The Ag & Energy Center provided students with a comprehensive showcase of the diverse career opportunities available in the field of agriculture. This event was made possible through the collaboration of industry experts and representatives from various organizations and programs. The lineup of hosts at the event included:

  1. Central Lakes College Meat Cutting, Precision Food Production & Horticulture programs
  2. University of Minnesota Extension
  3. NRCS (Natural Resources Conservation Service)
  4. Minnesota State Transportation Center of Excellence
  5. Minnesota State Energy Center of Excellence
  6. Minnesota Department of Agriculture

These workshops and demonstrations offered students a wide range of experiences and insights into the world of agriculture and related fields. Some of the activities and highlights included:

  • Meat Cutting Demonstration: Students had the opportunity to witness a meat cutting demonstration, gaining insights into the butchery and processing aspect of the food industry.
  • Rainfall Simulator: A rainfall simulator likely demonstrated the impact of rainfall on soil and how it can affect agriculture and water management.
  • Drone Flight: Students got to fly a drone, introducing them to the use of modern technology in agriculture, such as precision agriculture and crop monitoring.
  • Soil Tunnel: The soil tunnel allowed students to walk through and learn about soil science and its importance in agriculture and land management.
  • Transportation Simulators: Interaction with transportation simulators provided insight into the transportation and logistics aspects of agriculture.
  • Plant Science and Crop Scouting: This likely involved learning about plant science, crop management, and the practices involved in effective crop scouting.

In addition to these educational experiences, students enjoyed fresh produce from local farms. Oasis Orchards provided KinderKrisp apples, and Barry’s Cherries contributed hydroponic lettuce to the meals served at the Ag & Energy Center. These fresh, locally sourced ingredients further emphasized the importance of sustainable and locally grown food in agriculture.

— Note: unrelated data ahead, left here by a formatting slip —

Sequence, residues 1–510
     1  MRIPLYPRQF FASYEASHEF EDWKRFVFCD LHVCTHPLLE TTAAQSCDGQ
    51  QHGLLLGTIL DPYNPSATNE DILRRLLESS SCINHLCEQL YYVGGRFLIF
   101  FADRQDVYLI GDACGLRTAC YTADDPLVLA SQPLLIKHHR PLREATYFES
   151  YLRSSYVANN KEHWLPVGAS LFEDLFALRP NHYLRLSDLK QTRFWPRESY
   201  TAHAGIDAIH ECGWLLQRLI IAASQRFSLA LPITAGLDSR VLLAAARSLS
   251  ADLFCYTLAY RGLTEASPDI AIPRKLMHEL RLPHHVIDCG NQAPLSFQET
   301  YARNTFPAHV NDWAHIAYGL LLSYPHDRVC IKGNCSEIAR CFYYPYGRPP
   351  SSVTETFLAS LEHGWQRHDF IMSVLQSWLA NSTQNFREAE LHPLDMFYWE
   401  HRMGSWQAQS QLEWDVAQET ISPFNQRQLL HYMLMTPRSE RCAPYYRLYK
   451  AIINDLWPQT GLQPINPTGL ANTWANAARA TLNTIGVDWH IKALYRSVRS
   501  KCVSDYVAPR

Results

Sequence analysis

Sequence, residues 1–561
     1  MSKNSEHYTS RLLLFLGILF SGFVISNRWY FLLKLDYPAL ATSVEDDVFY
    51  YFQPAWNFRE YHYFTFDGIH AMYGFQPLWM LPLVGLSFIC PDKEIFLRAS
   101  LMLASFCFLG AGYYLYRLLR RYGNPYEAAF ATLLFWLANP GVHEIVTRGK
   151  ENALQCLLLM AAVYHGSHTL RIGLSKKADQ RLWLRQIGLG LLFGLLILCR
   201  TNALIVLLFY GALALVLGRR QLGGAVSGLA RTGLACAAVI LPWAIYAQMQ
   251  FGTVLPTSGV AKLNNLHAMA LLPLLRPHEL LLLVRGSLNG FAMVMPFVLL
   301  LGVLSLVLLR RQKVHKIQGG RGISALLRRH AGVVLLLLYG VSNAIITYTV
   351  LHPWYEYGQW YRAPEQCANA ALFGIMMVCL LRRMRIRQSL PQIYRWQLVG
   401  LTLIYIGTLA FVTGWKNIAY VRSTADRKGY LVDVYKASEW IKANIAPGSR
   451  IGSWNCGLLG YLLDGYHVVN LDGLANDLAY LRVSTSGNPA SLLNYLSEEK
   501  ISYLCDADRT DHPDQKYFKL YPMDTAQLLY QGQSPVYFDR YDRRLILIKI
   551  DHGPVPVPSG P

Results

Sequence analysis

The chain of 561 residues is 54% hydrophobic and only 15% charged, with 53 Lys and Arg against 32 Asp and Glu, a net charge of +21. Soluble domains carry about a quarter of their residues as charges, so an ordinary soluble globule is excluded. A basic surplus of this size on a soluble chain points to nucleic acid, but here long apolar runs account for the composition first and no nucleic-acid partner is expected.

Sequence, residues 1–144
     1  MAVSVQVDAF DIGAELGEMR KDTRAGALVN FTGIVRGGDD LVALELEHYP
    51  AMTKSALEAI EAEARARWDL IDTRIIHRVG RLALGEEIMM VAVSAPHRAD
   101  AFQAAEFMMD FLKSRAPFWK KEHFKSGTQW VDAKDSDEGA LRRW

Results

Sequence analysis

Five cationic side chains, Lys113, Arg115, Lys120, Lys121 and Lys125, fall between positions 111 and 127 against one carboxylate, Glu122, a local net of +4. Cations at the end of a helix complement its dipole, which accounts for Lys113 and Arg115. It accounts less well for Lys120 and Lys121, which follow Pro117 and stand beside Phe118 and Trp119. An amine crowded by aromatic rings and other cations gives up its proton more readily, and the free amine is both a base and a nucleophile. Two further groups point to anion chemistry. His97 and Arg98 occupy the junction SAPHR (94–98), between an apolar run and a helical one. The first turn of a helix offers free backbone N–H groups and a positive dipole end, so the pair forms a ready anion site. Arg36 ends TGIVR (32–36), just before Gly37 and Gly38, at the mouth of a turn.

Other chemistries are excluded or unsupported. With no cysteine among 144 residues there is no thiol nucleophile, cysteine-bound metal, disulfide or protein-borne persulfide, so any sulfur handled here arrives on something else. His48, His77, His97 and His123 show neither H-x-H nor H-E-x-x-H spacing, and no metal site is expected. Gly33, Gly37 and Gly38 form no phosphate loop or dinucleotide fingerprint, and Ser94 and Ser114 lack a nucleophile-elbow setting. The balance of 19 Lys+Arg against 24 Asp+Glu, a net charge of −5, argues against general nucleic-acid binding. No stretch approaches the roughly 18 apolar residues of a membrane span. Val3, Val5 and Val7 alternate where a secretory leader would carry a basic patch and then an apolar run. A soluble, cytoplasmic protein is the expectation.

This event showcased not only the educational aspect of agriculture but also the diverse and exciting career opportunities available within this field. It was an excellent way to inspire and inform the next generation about the possibilities and importance of agriculture and related industries.

Possible Funding Opportunities for Student Proposals

This initiative not only encourages hands-on learning but also empowers students to become active contributors to their communities. It promotes the application of agricultural knowledge and skills in a real-world context, fostering a sense of responsibility and innovation among the next generation of farmers and agricultural leaders.Student groups have been invited to submit a “project idea” that reflects their ACRE Day learnings. The student-driven proposals will show how it can benefit their school or community in the agricultural sense. Each finalist group has the opportunity to be awarded up to $5,000 to complete their project.

This program was facilitated by Region Five Development Commission, in collaboration with Central Lakes College and Sprout, funded by the U.S. Department of Agriculture.